...or to giving clients discounts, or to do anything you don't have the inclination or capacity to handle at the moment you get asked.
Say no. There you have it. Easy, right?
Haha...if only it was that easy.
Most of us are doing a perpetual dance between staying sane and pleasing people. Setting the right boundaries is a skill that will serve you well in every area of your life. Unfortunately, this can be a very difficult thing to do, especially if you're used to always saying yes (and often feeling terribly hard done by in the process).
There are many good reasons to say yes, but these are terrible reasons:
To get people to like us.
To avoid disappointing people.
Because we don't want to seem selfish.
Because we fear losing a client.
Because we genuinely love a friend and don't want to disappoint them.
Because it feels mean to institute boundaries.
Because you've always said yes, and saying no all of a sudden may not go down well.
For the purposes of this article, let's assume that you're a professional who offers services as a freelancer or a small business and that you have set rates. Let's also assume you know your worth and you have decided that doing free work or giving discounts is not something you're willing or able to do at the moment. I'm not going to discuss why you shouldn't do free work or give discounts. That's a debate for a different day.
These are just some of the requests I've had in the last few months:
A small business owner asked me to give him a 50% discount on photography because he doesn't have the budget to pay for my services, but would still like to book me.
Someone who works for one of my corporate clients asked me to give her a discount on family photos because I'm on their vendor list. When I told her that I don't do family photos anymore, she didn't even respond to my message.
A potential client asked me to photograph a magazine spread for free in exchange for my vendor application being moved to the top of the pile.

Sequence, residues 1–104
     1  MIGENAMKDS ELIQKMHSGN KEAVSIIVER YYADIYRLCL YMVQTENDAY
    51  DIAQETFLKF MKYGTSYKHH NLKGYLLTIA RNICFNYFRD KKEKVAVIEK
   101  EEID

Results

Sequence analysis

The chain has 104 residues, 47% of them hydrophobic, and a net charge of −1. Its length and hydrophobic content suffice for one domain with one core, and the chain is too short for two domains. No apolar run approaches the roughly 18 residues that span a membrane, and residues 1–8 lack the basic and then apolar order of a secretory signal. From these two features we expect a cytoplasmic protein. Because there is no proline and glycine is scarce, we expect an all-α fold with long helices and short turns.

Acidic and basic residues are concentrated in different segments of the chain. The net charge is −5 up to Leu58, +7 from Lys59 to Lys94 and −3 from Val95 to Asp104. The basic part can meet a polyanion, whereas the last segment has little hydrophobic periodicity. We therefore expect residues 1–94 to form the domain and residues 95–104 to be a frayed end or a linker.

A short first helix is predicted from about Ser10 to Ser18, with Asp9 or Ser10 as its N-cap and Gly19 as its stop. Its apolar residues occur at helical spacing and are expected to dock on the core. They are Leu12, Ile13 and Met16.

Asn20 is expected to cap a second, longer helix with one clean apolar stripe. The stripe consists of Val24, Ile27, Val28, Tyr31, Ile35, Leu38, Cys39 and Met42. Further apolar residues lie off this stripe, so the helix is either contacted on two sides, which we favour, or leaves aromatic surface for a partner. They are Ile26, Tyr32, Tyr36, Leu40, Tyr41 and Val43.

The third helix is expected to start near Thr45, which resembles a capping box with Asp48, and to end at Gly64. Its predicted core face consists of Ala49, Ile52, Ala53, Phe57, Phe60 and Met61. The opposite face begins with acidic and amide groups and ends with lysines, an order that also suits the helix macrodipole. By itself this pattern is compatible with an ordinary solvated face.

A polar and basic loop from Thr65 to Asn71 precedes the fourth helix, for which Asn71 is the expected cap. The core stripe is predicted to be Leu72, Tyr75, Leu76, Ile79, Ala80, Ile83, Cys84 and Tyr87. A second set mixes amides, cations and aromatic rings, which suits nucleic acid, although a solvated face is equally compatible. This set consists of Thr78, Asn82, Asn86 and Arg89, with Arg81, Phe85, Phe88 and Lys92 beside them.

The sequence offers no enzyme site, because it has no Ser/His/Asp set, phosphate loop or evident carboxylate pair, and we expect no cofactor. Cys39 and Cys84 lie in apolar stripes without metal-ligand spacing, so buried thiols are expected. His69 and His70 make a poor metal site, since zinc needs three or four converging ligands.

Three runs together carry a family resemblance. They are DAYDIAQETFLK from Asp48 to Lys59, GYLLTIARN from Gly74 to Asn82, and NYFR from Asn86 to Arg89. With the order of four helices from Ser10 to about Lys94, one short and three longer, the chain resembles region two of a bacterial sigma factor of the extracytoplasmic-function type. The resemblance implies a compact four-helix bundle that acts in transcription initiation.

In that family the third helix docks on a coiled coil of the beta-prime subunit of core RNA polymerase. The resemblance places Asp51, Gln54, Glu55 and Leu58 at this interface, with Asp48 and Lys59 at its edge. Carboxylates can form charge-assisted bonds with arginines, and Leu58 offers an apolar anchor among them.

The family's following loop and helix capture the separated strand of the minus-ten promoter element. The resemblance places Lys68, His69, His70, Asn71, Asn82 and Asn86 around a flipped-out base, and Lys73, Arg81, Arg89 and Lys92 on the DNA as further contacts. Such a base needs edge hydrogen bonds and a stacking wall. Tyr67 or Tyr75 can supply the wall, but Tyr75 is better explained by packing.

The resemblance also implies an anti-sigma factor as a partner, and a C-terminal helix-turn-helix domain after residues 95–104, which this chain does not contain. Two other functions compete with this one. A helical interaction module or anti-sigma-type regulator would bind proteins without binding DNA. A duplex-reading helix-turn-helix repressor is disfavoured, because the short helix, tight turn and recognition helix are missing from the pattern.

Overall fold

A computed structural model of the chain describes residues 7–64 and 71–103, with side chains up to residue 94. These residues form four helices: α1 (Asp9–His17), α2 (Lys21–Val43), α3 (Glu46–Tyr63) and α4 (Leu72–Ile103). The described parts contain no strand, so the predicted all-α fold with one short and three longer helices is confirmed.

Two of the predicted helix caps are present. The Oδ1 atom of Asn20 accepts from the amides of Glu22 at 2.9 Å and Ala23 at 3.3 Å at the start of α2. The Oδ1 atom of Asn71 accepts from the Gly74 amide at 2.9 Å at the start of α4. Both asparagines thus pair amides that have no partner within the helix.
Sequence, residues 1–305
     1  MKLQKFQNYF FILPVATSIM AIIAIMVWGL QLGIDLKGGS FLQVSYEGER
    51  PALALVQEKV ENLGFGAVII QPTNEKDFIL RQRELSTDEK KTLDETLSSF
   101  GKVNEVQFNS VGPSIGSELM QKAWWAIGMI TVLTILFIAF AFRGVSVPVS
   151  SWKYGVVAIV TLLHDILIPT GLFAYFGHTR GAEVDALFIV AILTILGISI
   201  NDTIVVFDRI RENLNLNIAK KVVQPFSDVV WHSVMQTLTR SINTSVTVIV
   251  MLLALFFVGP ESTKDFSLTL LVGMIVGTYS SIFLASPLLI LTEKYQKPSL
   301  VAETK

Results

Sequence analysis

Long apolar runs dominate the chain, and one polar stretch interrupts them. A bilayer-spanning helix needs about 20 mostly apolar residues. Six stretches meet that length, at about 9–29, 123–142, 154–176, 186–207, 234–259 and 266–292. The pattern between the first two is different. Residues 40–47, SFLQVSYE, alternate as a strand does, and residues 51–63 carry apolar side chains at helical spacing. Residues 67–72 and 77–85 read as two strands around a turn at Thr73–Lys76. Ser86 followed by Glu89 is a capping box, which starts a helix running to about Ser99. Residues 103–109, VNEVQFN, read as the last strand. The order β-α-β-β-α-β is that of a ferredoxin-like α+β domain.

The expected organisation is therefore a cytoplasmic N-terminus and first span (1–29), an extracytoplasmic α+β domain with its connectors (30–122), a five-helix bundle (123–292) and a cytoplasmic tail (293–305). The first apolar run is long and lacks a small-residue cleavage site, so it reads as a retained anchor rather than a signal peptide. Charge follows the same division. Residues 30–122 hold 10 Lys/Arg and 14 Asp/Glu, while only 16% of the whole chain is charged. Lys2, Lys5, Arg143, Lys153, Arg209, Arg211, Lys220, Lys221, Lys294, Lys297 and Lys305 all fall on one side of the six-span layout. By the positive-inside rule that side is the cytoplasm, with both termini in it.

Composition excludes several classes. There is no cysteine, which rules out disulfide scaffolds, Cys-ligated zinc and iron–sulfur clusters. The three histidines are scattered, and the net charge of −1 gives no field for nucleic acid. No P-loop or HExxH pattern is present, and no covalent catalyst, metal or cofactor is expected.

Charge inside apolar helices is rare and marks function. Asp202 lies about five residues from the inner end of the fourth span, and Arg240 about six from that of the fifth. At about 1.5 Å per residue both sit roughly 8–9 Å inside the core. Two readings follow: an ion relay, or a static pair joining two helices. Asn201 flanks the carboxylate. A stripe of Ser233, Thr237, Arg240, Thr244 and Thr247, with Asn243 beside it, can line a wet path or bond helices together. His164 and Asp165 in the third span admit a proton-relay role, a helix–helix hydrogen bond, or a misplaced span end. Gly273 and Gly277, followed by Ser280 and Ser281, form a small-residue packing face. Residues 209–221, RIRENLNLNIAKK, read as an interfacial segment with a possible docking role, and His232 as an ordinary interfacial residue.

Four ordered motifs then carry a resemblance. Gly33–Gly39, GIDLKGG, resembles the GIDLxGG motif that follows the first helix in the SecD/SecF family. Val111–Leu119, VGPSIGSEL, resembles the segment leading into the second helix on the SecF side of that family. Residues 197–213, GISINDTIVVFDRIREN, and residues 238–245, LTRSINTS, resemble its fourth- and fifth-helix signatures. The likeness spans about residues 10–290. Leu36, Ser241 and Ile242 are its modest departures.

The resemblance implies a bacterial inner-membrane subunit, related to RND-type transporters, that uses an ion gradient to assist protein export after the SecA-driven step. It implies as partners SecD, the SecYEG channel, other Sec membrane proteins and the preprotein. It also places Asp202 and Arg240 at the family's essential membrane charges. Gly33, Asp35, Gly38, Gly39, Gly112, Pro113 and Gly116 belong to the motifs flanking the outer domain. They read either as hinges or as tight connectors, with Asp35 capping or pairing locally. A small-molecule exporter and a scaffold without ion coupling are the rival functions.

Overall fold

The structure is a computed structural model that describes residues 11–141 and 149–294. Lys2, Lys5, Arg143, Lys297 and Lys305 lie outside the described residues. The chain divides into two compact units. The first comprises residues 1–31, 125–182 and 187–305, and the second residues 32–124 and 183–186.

One of my global clients asks for a discount every time we do work for them. They also regularly book work that gets canceled last minute.
I could go on, but quite frankly it's a little depressing. I'm always surprised at how offended I get when this happens. Our time is worth money, that is why we offer professional services that other clients gladly pay for.
Let's have a look at how to say no while still being respectful and preserving the relationship:
Saying no to a potential client who wants a discount or free work:
"Thank you for reaching out. I'm flattered that you like my work. As I'm sure you will agree, it's is of a very high standard. As such I'm quite busy and I have to focus on paid projects. Therefore I don't have the capacity to take on discounted (or free) work. Good luck with your upcoming launch/event/production. Thank you so much."
Saying no to a friend who wants a discount or free work:
"I am so flattered that you asked me to do this. I would love nothing more than to help you with it, but right now I'm stretched to capacity with paying clients (or ongoing projects). If I had to take this on, I'd want to be able to give you my best, and I just can't do that at the moment. I'm sorry that I can't help you."
The reality is that most of us will want to help out where we can. This is not necessarily a bad thing, but when it gets to the point that you're sacrificing time with your loved ones or your own self care, it may be a better idea to say no respectfully and focus on the things that are most important to you.
I hope this has been helpful. I've seen so many people get stuck in the habit of helping without having the mental or emotional capacity to do so, and in the process driving themselves to burnout.
Remember this: you're worth it.
Until next time,